June 20 – Capped Out

In today’s Breakfast Brief, we discuss delayed plantings in India, the Brazilian soybean supply squeeze and upcoming forecasts.

“You can have fun, but you also have to put on your thinking cap every day.”

– Tommy Shaw (US musician)

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Good Morning!

Grains this morning are sharply lower with a “risk-on” feel given new forecast for rains across major growing regions and a Brexit vote tomorrow looking less and less like the U.K. will leave the European Union.

Delayed Planting in India

Funds are now holding more than 250,000 long positions in corn, suggesting weather and export demand remains the focus of their buying, while the net-long in soybeans remain above 200,000 lots. Slower monsoon rains in India are delaying planting activity, with 20.8 million acres sown thus far, 11% behind last year’s pace. However, Indian farmers have until, roughly, the end of July to get a crop in during this “kharif” season and can afford to wait for the rains, which meteorologists say is coming. In the meantime, today’s the first day of summer, meaning it’s officially time to bring the farmer tan and fishing caps out.

On Friday, funds got a little more aggressive and “bought the dip” ahead of the weekend, helping corn get hot again to nearly $4.40 USD / bushel on the Chicago board. The volatility gives you an idea of the uncertainty out there, not only in grain markets (who knows what’s going to get harvested?!?!), but also the broader market, like oil price effects and the aforementioned Brexit vote. The oats futures market is higher this morning as it looks like there is more upside to things, mainly thanks to the increased volatility over the growing season, albeit there is definitely some discrepancy between futures and cash prices these days.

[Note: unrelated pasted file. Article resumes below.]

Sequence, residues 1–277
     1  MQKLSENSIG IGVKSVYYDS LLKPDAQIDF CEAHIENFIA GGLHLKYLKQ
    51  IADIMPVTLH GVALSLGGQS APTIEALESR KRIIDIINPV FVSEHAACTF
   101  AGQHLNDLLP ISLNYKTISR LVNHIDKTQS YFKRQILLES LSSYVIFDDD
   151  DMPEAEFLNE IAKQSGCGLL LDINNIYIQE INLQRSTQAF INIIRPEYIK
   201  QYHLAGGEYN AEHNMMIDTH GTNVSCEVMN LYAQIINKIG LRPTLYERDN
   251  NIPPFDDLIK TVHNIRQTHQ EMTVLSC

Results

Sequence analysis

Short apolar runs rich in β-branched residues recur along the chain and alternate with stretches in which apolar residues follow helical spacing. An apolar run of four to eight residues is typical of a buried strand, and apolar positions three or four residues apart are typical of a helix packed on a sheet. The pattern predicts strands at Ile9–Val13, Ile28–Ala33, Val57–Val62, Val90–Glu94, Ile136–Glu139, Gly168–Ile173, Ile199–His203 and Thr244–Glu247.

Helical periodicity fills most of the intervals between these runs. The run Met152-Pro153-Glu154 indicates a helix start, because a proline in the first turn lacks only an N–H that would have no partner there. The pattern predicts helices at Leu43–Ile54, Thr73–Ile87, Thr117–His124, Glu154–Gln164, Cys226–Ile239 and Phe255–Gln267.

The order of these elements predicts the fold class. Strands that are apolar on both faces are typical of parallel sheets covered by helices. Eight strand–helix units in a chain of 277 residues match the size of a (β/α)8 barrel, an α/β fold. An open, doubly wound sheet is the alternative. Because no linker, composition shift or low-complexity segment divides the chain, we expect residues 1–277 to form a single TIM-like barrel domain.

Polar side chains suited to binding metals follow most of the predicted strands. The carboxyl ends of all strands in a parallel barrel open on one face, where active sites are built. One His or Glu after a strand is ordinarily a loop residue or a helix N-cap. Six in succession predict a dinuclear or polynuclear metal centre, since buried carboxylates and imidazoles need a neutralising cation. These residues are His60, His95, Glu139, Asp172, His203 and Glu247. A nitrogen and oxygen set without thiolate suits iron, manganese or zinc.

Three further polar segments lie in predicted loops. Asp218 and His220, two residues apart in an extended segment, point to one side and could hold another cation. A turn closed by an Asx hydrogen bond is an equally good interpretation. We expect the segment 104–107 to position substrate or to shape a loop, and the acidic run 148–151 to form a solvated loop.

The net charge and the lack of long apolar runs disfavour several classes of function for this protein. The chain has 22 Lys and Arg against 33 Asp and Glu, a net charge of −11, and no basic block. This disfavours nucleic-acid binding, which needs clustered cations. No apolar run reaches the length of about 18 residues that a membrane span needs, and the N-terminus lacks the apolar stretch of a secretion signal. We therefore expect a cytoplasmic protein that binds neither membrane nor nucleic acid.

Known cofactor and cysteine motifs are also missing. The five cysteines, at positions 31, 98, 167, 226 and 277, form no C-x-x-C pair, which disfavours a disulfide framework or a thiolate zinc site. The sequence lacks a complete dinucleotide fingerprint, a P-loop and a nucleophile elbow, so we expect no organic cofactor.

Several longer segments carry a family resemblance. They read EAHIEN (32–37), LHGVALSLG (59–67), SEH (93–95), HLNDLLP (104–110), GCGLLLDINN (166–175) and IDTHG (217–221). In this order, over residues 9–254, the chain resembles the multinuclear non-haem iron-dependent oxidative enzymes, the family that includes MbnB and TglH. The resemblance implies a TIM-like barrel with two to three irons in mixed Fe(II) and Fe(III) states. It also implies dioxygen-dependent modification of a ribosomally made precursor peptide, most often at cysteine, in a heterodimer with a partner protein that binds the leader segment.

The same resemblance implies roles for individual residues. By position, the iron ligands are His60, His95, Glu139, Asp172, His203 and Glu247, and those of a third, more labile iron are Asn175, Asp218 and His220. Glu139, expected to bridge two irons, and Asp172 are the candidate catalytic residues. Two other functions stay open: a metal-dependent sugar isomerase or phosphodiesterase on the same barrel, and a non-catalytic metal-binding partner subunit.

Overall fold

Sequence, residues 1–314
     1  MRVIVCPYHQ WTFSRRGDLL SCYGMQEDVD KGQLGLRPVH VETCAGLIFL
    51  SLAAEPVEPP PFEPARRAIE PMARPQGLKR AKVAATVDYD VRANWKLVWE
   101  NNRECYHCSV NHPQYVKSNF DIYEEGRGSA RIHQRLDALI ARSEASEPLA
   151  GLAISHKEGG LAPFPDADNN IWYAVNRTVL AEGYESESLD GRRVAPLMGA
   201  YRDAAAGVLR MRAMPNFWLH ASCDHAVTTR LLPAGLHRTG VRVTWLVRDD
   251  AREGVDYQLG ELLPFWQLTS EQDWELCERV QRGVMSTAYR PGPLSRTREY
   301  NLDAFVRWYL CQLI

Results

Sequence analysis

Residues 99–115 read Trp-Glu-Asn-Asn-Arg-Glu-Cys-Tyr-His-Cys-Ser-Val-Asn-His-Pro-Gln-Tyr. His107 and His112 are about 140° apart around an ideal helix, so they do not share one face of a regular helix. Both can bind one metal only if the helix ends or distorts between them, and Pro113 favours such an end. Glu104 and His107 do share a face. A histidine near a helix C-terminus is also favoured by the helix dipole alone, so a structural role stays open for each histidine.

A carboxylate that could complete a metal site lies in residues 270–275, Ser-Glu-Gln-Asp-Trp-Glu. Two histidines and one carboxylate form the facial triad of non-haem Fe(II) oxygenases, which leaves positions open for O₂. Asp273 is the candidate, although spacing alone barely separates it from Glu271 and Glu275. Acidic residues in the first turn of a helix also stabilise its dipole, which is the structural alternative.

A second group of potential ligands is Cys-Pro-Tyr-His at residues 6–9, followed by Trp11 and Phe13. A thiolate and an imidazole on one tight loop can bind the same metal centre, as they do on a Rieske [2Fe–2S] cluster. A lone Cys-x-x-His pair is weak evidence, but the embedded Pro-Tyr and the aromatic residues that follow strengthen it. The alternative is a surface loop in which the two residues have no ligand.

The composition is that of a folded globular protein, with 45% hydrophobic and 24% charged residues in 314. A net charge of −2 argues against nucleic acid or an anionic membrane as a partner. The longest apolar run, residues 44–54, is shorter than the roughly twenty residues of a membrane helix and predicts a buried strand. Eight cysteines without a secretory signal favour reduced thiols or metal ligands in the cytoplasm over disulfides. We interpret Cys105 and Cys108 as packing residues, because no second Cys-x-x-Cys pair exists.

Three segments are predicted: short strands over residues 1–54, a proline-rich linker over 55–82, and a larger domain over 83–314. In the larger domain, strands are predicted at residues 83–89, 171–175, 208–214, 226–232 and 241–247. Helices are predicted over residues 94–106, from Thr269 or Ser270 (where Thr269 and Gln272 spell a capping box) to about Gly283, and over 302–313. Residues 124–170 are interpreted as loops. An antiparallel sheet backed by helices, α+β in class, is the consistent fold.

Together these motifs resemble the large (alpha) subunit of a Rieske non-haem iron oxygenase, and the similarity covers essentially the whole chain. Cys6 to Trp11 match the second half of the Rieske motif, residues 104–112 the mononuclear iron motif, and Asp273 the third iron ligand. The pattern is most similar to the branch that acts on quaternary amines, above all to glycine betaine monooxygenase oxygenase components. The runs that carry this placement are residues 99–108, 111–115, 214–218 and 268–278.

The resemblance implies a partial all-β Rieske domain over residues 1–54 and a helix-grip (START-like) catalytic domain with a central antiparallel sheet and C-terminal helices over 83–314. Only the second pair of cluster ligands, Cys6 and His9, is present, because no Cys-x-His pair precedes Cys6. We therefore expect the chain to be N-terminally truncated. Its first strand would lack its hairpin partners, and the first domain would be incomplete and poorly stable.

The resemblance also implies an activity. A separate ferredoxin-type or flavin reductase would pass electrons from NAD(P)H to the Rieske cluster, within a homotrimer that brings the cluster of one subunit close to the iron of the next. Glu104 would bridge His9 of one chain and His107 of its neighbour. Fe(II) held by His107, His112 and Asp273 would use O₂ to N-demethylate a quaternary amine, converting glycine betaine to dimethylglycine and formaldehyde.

Echoing our call from Friday, while we don’t discount the possibility of upside today in cereals, it look slim. Thus, it’s worthwhile to consider what storage needs will be like in a few months for Harvest 2016 and consider posting something on the FarmLead Marketplace to lock in movement for oats and/or other crops before being rushed into something at the last minute (historically-speaking, we’re all guilty of doing it….)

Soybean Supply In a Squeeze

While the oats market could pop by a few dimes, a supply squeeze in Brazil has caused domestic soybean prices there (in Real terms) to reach new records, echoing that of Brazilian corn prices from a few weeks ago. So far in 2016, nearly 31 million metric tonnes of the oilseed have been exported, a jump of 37% compared to the same timeframe in 2015. Further, soymeal exports are also up 20% year-over-year, creating the question from famed analyst Dr. Cordonnier of “will Brazil run out of soybeans, or will Brazilian soybean export end abruptly?” Considering that China’s protein demand is expected to continue, the lack of Brazilian supply likely means more business for other players, namely the U.S.

Rains Forecasted for U.S.